Circus Hall of Fame member May Wirth, born at Bundaberg in 1894, has been described as “one of the greatest female acrobats on horseback of all times”.
The Australian Dictionary of Biography records that May was born on 6 June 1894 at Bundaberg.
She was the daughter of John Edward Zinga, a circus artist from Mauritius whose real name was Despoges, and his native-born second wife Dezeppo Marie, née Beaumont.
After her parents separated, May was adopted in 1901 by Mary Elizabeth Victoria (‘Marizles') Wirth (1868-1948), equestrienne and sister of Philip and George Wirth.
Having been taught by her father to do the ‘flip-flap', May soon featured in balancing and tumbling acts, and as a tightwire performer and contortionist.
At the age of 10 she was a ‘real trick rider' and began appearing in acts. In Melbourne in 1906 she was billed as ‘May Ringling', the ‘American fearless hurricane hurdle rider'. A ‘remarkably pretty girl', she grew to only 4 ft 11 ins (150cm) tall.
The National Portrait Gallery says that after a star turn with Wirth Brothers’ Circus in Sydney in 1911, Marizles took May to the USA.
There she was spotted by John Ringling, who signed her for two seasons with his Barnum & Bailey Circus. She made her American debut at Madison Square Garden in 1912.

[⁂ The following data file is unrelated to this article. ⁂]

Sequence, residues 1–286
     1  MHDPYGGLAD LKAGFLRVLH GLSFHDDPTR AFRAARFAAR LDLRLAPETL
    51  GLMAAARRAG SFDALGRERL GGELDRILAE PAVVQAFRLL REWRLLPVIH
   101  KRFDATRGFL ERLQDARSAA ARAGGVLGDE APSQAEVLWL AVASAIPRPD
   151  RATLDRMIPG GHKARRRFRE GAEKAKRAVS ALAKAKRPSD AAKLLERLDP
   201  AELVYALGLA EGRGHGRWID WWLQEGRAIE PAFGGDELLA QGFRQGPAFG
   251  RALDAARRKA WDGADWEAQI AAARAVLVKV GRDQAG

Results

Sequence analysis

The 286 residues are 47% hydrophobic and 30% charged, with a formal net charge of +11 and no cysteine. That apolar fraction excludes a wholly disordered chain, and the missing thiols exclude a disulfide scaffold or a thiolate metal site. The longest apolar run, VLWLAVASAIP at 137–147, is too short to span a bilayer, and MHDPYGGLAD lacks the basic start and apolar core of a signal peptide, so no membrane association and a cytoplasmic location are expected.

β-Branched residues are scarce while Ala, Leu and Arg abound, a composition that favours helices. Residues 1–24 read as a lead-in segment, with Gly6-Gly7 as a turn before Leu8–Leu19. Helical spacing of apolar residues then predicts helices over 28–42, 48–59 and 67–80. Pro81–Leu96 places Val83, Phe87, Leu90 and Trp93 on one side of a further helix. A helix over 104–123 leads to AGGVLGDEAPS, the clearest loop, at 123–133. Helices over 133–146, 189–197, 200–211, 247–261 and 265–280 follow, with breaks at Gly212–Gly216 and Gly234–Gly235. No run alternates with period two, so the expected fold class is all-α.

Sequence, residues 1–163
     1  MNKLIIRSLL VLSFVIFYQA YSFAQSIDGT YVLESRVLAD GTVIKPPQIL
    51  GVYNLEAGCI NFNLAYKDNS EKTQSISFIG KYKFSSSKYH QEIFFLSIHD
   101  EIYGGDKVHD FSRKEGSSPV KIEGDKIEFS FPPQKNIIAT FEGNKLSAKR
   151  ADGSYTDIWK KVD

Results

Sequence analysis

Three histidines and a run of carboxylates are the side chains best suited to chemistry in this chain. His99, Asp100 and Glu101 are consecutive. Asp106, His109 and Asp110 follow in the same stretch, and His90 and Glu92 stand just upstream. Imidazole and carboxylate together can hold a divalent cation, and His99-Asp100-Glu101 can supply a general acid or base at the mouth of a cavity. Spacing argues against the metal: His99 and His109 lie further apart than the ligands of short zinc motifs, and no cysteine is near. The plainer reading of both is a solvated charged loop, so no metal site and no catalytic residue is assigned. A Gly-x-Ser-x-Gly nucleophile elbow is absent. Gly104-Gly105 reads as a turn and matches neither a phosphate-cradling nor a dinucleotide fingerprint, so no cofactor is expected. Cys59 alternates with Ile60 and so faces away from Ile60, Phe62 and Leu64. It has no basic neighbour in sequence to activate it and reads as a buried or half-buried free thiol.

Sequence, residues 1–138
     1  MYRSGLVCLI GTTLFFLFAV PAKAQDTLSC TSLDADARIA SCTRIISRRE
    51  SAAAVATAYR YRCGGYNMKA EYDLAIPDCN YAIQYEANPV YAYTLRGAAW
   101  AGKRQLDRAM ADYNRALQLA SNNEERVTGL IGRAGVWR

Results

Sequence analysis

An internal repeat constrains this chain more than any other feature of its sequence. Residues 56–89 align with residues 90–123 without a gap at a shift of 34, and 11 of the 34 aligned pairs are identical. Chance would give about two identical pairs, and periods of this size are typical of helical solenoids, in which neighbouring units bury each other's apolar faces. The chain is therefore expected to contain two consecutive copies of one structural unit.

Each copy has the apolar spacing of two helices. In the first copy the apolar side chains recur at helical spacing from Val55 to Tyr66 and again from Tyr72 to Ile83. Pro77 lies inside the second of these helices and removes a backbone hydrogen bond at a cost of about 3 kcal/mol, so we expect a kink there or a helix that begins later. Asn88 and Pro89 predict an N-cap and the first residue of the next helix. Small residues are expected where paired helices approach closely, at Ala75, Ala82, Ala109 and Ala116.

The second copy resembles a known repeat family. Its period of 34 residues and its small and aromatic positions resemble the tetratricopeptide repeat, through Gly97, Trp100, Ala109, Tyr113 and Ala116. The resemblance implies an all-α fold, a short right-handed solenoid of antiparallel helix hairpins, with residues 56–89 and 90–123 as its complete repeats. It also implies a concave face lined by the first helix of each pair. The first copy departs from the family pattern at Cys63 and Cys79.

In 1916 the Sydney Sunday Times reported:
“One of the features of the program yesterday afternoon at Wirths' new Hippodrome was the introduction by Miss May Martin Wirth of an entirely new act, attempted for the first time by any equestrienne in Australia. Standing on the bare back of a horse, with anothero ne galloping behind, the performer set herself the task of turning a somersault in the air and landing on the back of the animal behind. The horses were a bit fractious, but after some coaxing they settled down into an even gait. With fine judgment, the performer ‘took off,' and landed on the rear animal's back, thereby earning salvos of applause from the big audience present. Miss Wirth has justly earned the title, bestowed upon her of, ‘The Wizard Rider'.”
May has an entry in Circopedia, the International Circus Encyclopedia. It describes her as “one of the greatest female acrobats on horseback of all times”.
In 1932 she appeared in the operetta The Blue Mask, which opened in Chicago.
The Blue Mask was an adaptation of the famous operetta The Circus Princess, by the Hungarian composer Imre Kálmán.
Thanks to the presence of May and her troupe of riders the opera’s circus scene was the real thing. May’s two big steeds loped around the ring (with padded hoofs) in the true manner of the circus arena.
May received the supreme honour of the American circus world when on February 23, 1964 she was inducted into the Circus Hall of Fame.
Visitors found that May, at 80, possessed a sharp memory for the details of the many tricks she did on horseback during her circus career, spoken in a gentle voice with a faint trace of an Australian accent.
She died on 18 October 1978 at Sarasota.
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